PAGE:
Broker-Dealers Move Into Crowdfunding

brokerdealers crowdfunding

( A new crop of broker-dealers and funding portals are forming to capitalize on new equity crowdfunding rules.

The total number of Financial Industry Regulatory Authority (FINRA) member retail brokerages has been on the decline for the last five years, but one sliver of the universe is showing new signs of life: A new crop of broker/dealers and online funding portals are joining FINRA to capitalize on new opportunities made possible by the JOBS Act of 2012. The legislation prompted the SEC to make it easier to market and solicit investments, and opened the door for small businesses to engage in so-called “equity crowdfunding.”

About 15 to 20 of these new firms have signed on since 2013, according to Fishbowl Strategies, with another three to six launching soon, in anticipation of a wave of issuers and investors entering the market. Whether there is a crowd for equity crowdfunding remains to be seen.

But Paul Boyd, managing partner at ClearPath Capital Partners, a wealth management firm for tech entrepreneurs, says there
is plenty of pent-up demand and a backlog of Reg D deals that are moving forward.

Boyd also expects the next phase of the JOBS Act, Title III, will bring a lot more attention to capital raises online. Set to go into effect in May, those rules let any investor, accredited or not, invest in unregistered securities online (with limits on the amounts that can both be invested, and raised, in a year). The tech-fueled vision of bypassing stuffy financial intermediaries in favor of a new-class of SEC-registered and FINRA member “crowdfunding portals” has inspired a flotilla of startups to enter the space.

Many of the new entrants have affiliated agreements with brokerdealers. Some have launched their own b/ds.

WealthForge launched its own b/d to provide all the services needed to complete a private securities transaction, including investor accreditation, regulatory filings and escrow. Co-founder and CEO Mat Dellorso says the new rules—and bringing the process online—have spurred their growth.

“When you bring the internet and you’re allowed to advertise a private security through 506(c), more investors do take part,” he says. WealthForge has completed 150 private financing transactions, bringing in 2,500 investors. “A traditional investment bank might complete three or five a year,” he says. “It’s a lot more volume because it’s more transparent and online now.

“Normally these transactions take weeks and months, but an investor can literally invest in a private placement on our platform in a matter of minutes,” he says.

Dellorso doubts they will do much work with firms looking to raise capital through the exemptions for non-accredted investors.

CircleUp is another new broker-dealer with a focus on consumer products and retail companies. Bhakti Chai, which makes Fair Trade Certified tea, raised nearly $865,000 on the platform.

Folio Institutional, a self-clearing broker/dealer, saw the interest around equity crowdfunding and decided to launch an online equity and debt-funding platform in September. Since the firm can custody the securities, it can enage in secondary-market transactions and, potentially, public offerings.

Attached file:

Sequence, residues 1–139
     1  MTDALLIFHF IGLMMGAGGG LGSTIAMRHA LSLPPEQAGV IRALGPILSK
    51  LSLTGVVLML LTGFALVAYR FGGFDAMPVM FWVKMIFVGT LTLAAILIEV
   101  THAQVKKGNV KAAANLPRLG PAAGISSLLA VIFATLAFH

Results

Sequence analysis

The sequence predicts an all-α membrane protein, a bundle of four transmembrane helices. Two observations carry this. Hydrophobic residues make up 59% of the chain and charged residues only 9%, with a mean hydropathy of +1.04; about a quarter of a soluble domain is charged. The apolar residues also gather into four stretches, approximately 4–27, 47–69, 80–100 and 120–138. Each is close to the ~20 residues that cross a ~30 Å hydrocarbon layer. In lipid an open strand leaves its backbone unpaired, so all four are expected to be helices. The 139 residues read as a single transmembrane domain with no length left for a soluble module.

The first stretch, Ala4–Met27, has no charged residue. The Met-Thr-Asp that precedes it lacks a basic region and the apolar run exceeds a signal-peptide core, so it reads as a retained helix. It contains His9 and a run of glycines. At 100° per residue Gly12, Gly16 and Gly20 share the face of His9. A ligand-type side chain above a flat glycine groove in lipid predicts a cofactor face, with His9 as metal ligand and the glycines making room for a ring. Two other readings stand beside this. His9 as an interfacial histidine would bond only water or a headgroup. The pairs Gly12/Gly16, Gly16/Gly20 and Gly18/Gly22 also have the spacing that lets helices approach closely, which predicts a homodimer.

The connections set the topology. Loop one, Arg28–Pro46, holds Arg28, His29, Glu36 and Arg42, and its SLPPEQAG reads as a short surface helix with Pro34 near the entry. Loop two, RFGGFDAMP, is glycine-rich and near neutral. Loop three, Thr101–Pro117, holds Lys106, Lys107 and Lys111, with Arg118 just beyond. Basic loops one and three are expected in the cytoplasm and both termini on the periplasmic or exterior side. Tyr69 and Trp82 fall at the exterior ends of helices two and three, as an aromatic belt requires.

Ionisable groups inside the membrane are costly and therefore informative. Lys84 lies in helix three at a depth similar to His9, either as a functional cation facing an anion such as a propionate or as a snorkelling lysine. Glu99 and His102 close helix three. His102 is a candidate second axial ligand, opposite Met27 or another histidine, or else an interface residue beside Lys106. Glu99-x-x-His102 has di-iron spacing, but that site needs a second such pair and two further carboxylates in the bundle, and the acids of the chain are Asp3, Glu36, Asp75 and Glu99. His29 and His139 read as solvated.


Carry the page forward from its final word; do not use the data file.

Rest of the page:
For the entire article from please click here

BrokerDealer Leading Crowdfund Bandwagon

crowdfund brokerdealer

As the crowdfund movement picks up more steam thanks to the recent update from the US Securities and Exchange Commission, the broker-dealer community is paying close attention to what could be a big pay day.  One BrokerDealer leading the crowdfund bandwagon is Seed Equity Ventures, led by finance industry veteran Todd Crosland.

In a recent profile, CEO Crosland talks about his broker dealer, which is already operating and doing crowdfunding type equity raises under the SEC’s Regulation D 506(c) rules for general solicitations, says, “ I believe the SEC passing Title III will be a watershed event for both startups and investors. Startups and the general investing public will be forever changed.” is the global directory of broker-dealers; the firm’s database covers brokerdealers operating in more than 30 countries across the free world.

Seed Equity Ventures is a registered broker dealer with the U.S. Securities and Exchange Commission and is a member of both FINRA and SIPC. Seed Equity Ventures provides investment banking services to startups and growth companies from around the world.

The Forbes piece by Devin Thorpe was excerpted by the curators at crowdfund industry search portal,; here’s the link

Why Advisors and BrokerDealers Should Know Crowdfunding blog update courtesy of excerpt from

The moment many advisers hear the term “crowdfunding,” they tune out. Crowdfunding is for the unwashed masses, for Kickstarter fans, for small-time investing neophytes. It’s not a place for real investing.

Well, advisers can continue to believe that, but that doesn’t mean their clients will. Especially given changes on tap for 2016 that will shower more investors with opportunities to “get in on the ground floor of the next big thing.”

The odds of your clients being drawn to new ventures rose markedly on Oct. 30, when the Securities and Exchange Commission passed Title III, part of the 2012 JOBS Act, which allows non-accredited investors to get into private equity through crowdfunding platforms.